MMC’s Theatre Department Introduces Intimacy Education

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Since September 2019, The MMC Intimacy Education program has been implemented within the Theatre Department, spearheaded by Professor Emeritus in Theatre Arts and Coordinator for Movement of Actors, Haila Strauss; and Professor of Theatre Arts, Jill Stevenson. Intimacy training seeks to help the industry improve the work and training environment, not only when staging intimate scenes and sexually violent scenes, but in how we treat each other in rehearsal and on set. The training program was first introduced to MMC two years ago in March of 2019, when Professors Barbara Adrian and Haila Strauss attended a training program at the University of Baltimore with the support and blessing of then Theatre Department Chair, Prof. Mary Fleischer. After this initial program, MMC has supported the training program to start for theatre students. Despite the pandemic, the program has been full steam ahead. All aspects of theatre that students are studying includes these trainings, such as acting classes, stage management, directing, playwriting and costume design, et cetera. There are also faculty workshops that give theatre faculty, full time and adjunct, awareness of the implementations and guidelines that these trainings bring to the main stage, playwriting and directing projects. It might seem that although conducted on  Zoom, people shouldn’t need intimacy, but the pandemic has highlighted how Zoom is creating an intimate setting and the different ways situations can be intimate. It encompasses language context and text history. 

Tonia Sina, an actress and stage combat coordinator, is the founder of the organization Intimacy Directors and Coordinators. Sina initially put together principles of stage combat with stage intimacy. It’s a very comprehensive, detailed experience. Every intimate experience is carefully choreographed so every night you know what will happen to you on stage. It’s supposed to create a more comfortable and better sustained atmosphere for all parties involved in certain scenes. Every teacher comes from choreography, stage combat and movement for actors. 

In the intimacy training department, there are two distinct titles: Intimacy Director and Intimacy Coordinator. An Intimacy Director works with stage intimacy on stage for actors, and an Intimacy Coordinator works with staging intimacy for TV and movies. Within on the stage and on the screen, men are often the stage combat coordinators/directors, and women are often the stage intimacy coordinators/directors. 

The program at MMC is here for a real gender equity and equality element, being an important part of work in gender equity. All curriculum within the program will address the needs of students going into theatre. All needs are different in a professional environment. Everyone should be able to feel safe and comfortable. It has been questioned who needs to be in the room during the time of certain scenes, such as during a kiss scene or nude scene. Both kinds of scenes are choreographed very carefully, leading to a kiss scene to only have the two actors, intimacy director/coordinator and the stage manager in the room. The first couple rehearsals would consist of the actors being hand-to-hand, then cheek-to-cheek, eventually leading up to an actual kiss during tech week. Nude scenes are carefully choreographed as well, ending up with the stage being completely cleared, only leaving the two actors, stage manager and the intimacy coordinator in the room. Professor Stevenson remarked how “rehearsal is a time for playing, trying things out and making mistakes, so this sense of safety draws out more creativity.” The safety aspect allows actors to come to a place that they feel more comfortable and the rules allow for creativity. The actor will never have to blindly consent to something they won’t feel safe doing. This program is “a wide net cast throughout the theatre department making it so that everyone is speaking the same language.” remarked Professor Strauss. These intimacy trainings aren’t training students to enter the industry, but to prepare them to use their crafts however they want to and make change. The goal is to make MMC graduates able to be a part of the conversation in making this an industry standard and to become changemakers. A  lot of changemakers are needed out there in the industry. The program is always being reevaluated because MMC strives to stay cutting edge and relevant.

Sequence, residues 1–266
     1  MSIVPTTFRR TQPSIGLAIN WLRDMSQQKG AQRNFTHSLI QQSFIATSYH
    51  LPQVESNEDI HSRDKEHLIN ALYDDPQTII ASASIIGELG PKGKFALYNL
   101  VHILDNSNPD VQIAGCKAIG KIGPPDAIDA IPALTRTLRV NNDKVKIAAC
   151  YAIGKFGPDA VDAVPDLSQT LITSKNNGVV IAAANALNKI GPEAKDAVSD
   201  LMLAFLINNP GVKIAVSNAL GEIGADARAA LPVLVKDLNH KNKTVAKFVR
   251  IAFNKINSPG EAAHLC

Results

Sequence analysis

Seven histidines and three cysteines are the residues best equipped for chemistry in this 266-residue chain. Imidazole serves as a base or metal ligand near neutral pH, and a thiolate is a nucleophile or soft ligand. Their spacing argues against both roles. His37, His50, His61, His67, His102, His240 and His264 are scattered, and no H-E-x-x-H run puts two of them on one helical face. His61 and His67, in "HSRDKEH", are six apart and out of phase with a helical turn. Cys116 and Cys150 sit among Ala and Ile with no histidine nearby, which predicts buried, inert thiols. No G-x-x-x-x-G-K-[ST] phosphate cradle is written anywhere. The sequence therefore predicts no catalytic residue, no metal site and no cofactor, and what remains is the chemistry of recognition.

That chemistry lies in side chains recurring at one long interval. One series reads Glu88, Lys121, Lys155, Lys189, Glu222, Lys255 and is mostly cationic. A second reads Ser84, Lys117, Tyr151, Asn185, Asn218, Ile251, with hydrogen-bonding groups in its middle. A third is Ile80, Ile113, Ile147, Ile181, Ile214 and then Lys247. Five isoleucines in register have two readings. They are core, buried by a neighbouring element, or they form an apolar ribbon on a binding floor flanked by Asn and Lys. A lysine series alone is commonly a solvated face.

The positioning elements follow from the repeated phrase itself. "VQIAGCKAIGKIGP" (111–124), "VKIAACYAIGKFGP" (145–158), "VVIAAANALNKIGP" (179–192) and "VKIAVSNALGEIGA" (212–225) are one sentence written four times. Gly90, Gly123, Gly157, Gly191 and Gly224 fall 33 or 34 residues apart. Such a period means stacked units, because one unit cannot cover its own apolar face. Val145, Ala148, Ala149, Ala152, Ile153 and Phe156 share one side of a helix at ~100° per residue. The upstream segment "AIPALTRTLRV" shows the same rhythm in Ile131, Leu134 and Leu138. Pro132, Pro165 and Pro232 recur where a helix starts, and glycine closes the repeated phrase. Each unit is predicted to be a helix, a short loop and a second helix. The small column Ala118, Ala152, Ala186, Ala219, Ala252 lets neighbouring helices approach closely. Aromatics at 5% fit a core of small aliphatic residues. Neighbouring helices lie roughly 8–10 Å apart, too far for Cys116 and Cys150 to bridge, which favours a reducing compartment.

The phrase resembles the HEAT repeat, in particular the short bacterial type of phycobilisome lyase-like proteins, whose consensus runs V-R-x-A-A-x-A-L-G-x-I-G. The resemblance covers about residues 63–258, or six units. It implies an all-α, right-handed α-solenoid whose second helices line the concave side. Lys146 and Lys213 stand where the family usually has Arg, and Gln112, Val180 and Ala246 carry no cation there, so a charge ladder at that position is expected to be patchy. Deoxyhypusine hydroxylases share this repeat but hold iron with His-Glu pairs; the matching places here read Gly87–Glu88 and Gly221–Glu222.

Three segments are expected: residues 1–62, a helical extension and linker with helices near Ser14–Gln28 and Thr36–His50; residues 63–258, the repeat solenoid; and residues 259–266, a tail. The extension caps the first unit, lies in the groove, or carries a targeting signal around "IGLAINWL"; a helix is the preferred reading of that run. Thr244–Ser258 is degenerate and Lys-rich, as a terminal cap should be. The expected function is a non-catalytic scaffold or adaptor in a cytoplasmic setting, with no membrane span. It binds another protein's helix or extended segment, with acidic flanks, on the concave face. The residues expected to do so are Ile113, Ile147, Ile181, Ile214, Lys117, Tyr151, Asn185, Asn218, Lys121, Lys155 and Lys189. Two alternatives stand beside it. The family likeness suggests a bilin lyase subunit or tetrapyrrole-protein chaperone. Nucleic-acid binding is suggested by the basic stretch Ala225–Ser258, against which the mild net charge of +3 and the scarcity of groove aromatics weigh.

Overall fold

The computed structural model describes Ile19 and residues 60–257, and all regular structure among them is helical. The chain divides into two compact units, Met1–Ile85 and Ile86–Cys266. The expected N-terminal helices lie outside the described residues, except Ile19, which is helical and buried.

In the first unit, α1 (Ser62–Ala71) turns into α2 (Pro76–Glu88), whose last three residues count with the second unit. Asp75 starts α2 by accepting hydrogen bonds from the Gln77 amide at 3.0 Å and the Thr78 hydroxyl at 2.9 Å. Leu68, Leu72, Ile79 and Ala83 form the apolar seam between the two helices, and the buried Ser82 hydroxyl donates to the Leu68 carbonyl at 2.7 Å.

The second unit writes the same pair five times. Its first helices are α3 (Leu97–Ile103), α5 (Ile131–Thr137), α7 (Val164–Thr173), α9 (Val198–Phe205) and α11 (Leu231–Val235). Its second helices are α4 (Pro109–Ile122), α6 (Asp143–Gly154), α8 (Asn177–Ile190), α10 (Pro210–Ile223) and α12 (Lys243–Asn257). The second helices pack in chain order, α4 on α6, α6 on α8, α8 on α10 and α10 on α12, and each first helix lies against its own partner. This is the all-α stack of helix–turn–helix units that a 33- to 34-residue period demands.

When  HBO mandated that every set was to have an intimacy coordinator, it was a groundbreaking event.  Theatrical unions like now intimacy direction standards thanks to mainstream usage of these directors.  Famously, the Broadway show “Frankie & Johnny” was the first Broadway show to include intimacy direction with an intimacy coordinator, but certainly not the last. The industry still has a long way to go, but it’s going in the right direction.